Like most things in life, it's best enjoyed in moderation.
white coffee cup on wood serving tray
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Coffee is an integral part of many people's daily routines. Whether you need a cup of the caffeinated beverage to jumpstart your morning or a mug to get you through an afternoon slump, coffee provides an energy boost that just about everyone can appreciate. But if you've ever felt your heart rate increase or began having palpitations after enjoying a cup of joe, you might wonder if it causes more harm than good to your overall heart health. To help ease these concerns, we've tapped several experts who explained the benefits of drinking coffee and how to know when you're consuming too much of it. 

Coffee contains antioxidants. 

While you may drink coffee specifically for the caffeine, the beverage does more than just get you out of bed in the morning. "Coffee is incredibly rich in multiple disease fighting superstars, like antioxidants—particularly hydrocinnamic acids and polyphenols," says Rachel Brief, registered dietitian at Culina Health. "Antioxidants are tremendous because they mitigate and inhibit damage to cells that can cause cancer and other diseases." Additionally, antioxidant-rich foods and beverages have been linked to a reduced risk of developing heart disease. According to Brief, there is research indicating that coffee is one of the greatest sources of antioxidants humans consume daily.

It can help prevent heart disease.

Due to the compounds coffee contains, like antioxidants and several B vitamins, it's been associated with the reduction and prevention of various diseases like certain cancers, heart disease, liver disease, Alzheimer's disease, and diabetes. Brief notes that coffee is especially beneficial to heart health, as the beverage is associated with a decreased risk of cardiovascular disease and stroke. While this may be surprising to some, as caffeine and coffee are often associated with an increased heart rate and palpitations, the American Heart Association found that, across three different studies, people who drank more coffee consistently had a lower long-term risk of heart failure.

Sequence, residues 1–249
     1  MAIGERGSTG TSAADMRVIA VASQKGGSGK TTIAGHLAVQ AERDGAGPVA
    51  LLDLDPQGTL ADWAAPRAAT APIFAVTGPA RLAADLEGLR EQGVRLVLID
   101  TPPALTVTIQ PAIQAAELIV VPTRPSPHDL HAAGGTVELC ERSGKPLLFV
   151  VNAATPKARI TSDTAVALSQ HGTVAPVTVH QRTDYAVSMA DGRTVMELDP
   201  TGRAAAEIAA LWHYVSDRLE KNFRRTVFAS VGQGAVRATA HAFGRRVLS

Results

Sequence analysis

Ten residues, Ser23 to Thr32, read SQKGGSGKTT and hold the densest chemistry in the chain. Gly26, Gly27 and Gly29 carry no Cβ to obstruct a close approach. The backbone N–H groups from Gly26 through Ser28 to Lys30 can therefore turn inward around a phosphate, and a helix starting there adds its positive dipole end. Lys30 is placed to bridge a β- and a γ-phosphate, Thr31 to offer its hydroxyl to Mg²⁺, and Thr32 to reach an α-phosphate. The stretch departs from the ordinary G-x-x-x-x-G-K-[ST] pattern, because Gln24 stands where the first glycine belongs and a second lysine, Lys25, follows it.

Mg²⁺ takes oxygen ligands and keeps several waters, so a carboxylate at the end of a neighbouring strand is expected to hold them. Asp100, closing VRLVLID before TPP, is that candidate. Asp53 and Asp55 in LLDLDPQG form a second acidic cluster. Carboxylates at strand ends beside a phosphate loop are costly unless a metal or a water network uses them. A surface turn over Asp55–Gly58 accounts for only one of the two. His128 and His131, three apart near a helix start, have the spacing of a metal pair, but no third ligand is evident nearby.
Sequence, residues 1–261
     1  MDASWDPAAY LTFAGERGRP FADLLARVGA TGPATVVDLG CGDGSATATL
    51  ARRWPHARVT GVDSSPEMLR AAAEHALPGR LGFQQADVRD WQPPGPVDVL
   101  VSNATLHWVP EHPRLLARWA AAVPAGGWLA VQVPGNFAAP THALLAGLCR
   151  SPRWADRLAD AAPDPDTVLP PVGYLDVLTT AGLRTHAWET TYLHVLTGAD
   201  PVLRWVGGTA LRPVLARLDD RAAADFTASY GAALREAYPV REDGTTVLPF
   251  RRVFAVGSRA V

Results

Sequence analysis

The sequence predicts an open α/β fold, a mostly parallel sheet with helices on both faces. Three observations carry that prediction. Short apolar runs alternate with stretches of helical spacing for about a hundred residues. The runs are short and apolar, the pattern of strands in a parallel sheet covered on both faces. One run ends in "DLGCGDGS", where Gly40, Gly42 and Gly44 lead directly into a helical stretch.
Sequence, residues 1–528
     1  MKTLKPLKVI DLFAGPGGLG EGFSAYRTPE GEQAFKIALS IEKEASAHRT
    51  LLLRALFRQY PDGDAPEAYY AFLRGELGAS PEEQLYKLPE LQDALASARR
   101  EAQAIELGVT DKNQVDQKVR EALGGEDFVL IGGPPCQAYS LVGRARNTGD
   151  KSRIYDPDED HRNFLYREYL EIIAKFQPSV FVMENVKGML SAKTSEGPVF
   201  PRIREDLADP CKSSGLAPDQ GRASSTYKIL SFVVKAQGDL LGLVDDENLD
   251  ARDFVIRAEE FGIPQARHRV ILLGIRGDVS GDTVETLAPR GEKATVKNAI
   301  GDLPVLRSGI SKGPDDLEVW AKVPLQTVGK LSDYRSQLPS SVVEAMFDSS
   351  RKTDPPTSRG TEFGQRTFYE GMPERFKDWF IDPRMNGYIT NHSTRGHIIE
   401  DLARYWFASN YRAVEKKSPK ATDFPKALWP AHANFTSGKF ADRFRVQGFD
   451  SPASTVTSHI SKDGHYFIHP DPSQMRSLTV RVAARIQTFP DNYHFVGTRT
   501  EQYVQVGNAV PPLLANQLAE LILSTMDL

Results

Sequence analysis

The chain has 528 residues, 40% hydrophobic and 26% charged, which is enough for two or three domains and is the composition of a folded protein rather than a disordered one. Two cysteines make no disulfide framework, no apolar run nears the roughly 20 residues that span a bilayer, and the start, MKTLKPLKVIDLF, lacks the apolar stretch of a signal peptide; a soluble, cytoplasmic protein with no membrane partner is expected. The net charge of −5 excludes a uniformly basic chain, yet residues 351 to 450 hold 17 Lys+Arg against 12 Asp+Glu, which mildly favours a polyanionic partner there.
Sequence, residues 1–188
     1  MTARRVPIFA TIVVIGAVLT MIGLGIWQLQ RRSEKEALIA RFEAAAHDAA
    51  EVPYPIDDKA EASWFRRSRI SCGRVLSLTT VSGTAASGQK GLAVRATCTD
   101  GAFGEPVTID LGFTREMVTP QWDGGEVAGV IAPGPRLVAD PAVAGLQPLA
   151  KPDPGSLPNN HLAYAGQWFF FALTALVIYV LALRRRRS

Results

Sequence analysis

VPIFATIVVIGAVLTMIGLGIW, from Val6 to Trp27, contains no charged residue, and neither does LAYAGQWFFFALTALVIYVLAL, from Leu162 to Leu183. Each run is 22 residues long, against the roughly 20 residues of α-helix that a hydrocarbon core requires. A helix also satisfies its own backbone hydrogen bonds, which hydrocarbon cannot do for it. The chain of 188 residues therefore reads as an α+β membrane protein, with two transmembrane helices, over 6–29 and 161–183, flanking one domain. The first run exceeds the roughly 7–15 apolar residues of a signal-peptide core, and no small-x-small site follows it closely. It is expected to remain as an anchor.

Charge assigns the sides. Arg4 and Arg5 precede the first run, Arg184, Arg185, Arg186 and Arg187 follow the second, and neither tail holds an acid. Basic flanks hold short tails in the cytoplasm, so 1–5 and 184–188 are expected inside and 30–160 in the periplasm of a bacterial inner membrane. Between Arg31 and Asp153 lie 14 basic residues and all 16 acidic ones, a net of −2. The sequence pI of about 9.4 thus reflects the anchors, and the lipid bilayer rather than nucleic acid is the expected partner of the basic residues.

Coffee increases endurance.

The caffeinated beverage is also a great way to make your workout routine more effective, which could improve heart health; exercise is associated with a slower heart rate and lower blood pressure. "Caffeine can help with shifting muscles to burn fat and increase muscle endurance," says Dr. Natasha Bhuyan, MD, the West Coast regional medical director at One Medical. She explains that aerobic activities, including long distance running and biking, seem to have the most benefits from caffeine, as do strength training and high intensity sports. According to Dr. Bhuyan, a recent study published in the Journal of the International Society of Sports Nutrition found that drinking coffee 30 to 60 minutes prior to aerobic exercise can increase the amount of fat you burn during your workout. Brief also notes that the mental clarity coffee provides can stimulate endorphins and improve concentration during fitness sessions.

Drink it in moderation.

Like most things in life, coffee is best enjoyed in moderation. While the beverage has several proven health benefits, it can be harmful to people with high blood pressure, insomnia, or those who get jitters or heart palpitations from caffeine. Dr. Bhuyan says to follow the Food and Drug Administration's recommended maximum intake of caffeine, which is 400 mg per day (four to five cups of coffee). "Since caffeine is a stimulant, it can cause an increase in your resting heart rate and can be dangerous at high levels," she explains. In general, caffeine in coffee will impact everyone differently. Melissa Rifkin, MS, RD, CDN, notes that several cups of joe a day may be acceptable for someone who doesn't notice symptoms like jitters and increased anxiety. "For those who notice more sensitivity when consuming coffee, it may be best to limit it to one cup per day, or enjoy decaf coffee more often than regular," she notes. If you do have high blood pressure, Rifkin says to consult your doctor on appropriate coffee consumption, as it may negatively impact your health.

Black coffee is best for your overall health.

If you're hoping to reap the most benefits from drinking coffee, Rifkin says it's best to consume it without adding sweeteners, milk, and flavorings. "Coffee on its own provides a wide array of health benefits," she explains. "However, most people do not drink coffee black, and instead dilute the health benefits of coffee with sugar and cream." If you prefer the beverage on the sweeter side, Brief recommends adding cinnamon or cacao to the coffee grounds before brewing a pot to add a subtle hint of flavor (and some extra antioxidants!). "Plus, there are a ton of new dairy-free and plant-based creamers on the market that are delicious—and low in sugar and fat," she adds.


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